Next to the clinical front. We continue to execute on our development plans for both the I.V. And the oral formulations of 845. In July we announced the initiation of a human abuse liability trial of I.V. CR845 following specific protocol suggestions from both the FDA and the Controlled Substance Staff, specifically at the FDA. We view this trial as a significant milestone in the development path for CR845 and that data from the study will provide the basis for any ultimate scheduling decisions made before drug approval.

In this regard the agency guidance towards use of a schedule for active comparator, that was benzodiazepine as suppose to schedule 2 narcotic opioids such as morphine is in our view an encouraging indication of current opinion of CR845's possible level of abuse liability. So as a quick reminder here the DEA classifies drugs into five schedules according to both medical utility and abuse potential. So for example narcotics with a higher abuse potential like oxycodone and morphine are in schedule 2, while drugs with a lower abuse potential such as benzodiazepines are in schedule 4. So as such an ultimate scheduling of four or lower for 845 would be clearly differentiating in a market space that dominated by short acting opioids in schedule 2.

So we anticipate top line data as we said previously from this trial in Q4 of this year. In June we also announced that we had initiated a Phase 1 single ascending and multiple ascending dose trial of an oral tablet formulation of CR845. PK safety and biomarker data from this trial will inform appropriate dosing regimens to employ in POC Phase 2 trials with this tablet formulation going forward.

We see very significant potential for oral CR845 in both the acute pain space. For example as step down treatment for the post-operative patient and discharge and also within the chronic pain space including chronic pain conditions where peripherally acting potentially non-abuseable NOGs that could meet a large unmet need. So again we expect top line data from this trial in Q4 of this year.

In the context of unmet clinical need we've previously guided that we aim to explore additional non-pain clinical indications for CR845, particularly focusing on the anti-itch or anti-pruritic properties of CR845. So in this regard we were very pleased to announce last week the dosing of the first patients in the POC Phase 2 trial in uremic pruritus. This is an intractable type of itch in dialysis patients that's generally resistant to conventional treatments and diminishes quality of life for almost half of all kidney dialysis patients.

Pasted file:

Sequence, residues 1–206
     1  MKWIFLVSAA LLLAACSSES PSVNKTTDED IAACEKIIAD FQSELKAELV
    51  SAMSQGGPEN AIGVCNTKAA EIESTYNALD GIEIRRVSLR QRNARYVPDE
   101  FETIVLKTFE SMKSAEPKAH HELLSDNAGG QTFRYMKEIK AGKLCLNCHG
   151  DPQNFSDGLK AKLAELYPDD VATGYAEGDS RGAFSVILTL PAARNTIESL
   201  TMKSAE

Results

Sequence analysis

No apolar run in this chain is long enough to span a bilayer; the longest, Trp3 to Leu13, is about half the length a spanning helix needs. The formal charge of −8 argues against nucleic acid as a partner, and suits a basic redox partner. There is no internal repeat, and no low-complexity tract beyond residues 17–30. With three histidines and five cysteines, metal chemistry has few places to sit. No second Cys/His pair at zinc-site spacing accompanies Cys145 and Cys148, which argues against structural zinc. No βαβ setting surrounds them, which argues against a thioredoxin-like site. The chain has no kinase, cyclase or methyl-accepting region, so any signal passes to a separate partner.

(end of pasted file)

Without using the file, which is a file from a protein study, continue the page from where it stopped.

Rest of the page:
With no presently approved products in the U.S. or the EU for this condition CR845 may provide an important therapeutic approach for these particular patients. We expect top line data from this study in the first half of 2015 and positive data from this trial may also be indicative of the potential for 845 as a general novel anti-pruritic agent.

Our Japanese partner Maruishi Pharmaceuticals is focused on developing 845 as a novel treatment for both uremic pruritus and post op pain in the Japanese territory. And we recently announced the rapid progress that the Maruishi team had made in successfully completing its Phase 1 SAD and MAD studies of I.V. CR845 in a Japanese population and the consequent achievement of a Phase 1 development milestone for Cara. So we're pleased by Maruishi’s commitment and we look forward to reporting continued progress as we go forward with that relationship.

Looking ahead to milestones for the rest of 2014 in addition to reporting top line data for the HAL and the oral tablet trials we continue to work through CMC requirements for the I.V. CR845 ahead of requesting our end of Phase 2 meeting with the FDA in the second half of this year. This will allow synthesis of Phase 3 drug product and initiation of registration trials for CR845 in acute pain early in 2015 and maintain our timeline for NDA submission in 2016.

We remain in a very strong financial position from our IPO in February that raised $56.2 million in net proceeds for the company and we're certainly well capitalized to continue executing on the clinical development plan for 845 as we move forward here.

So with that I am going to turn it over to Joe to take you through the financial details related to this quarter. Joe?

Josef Schoell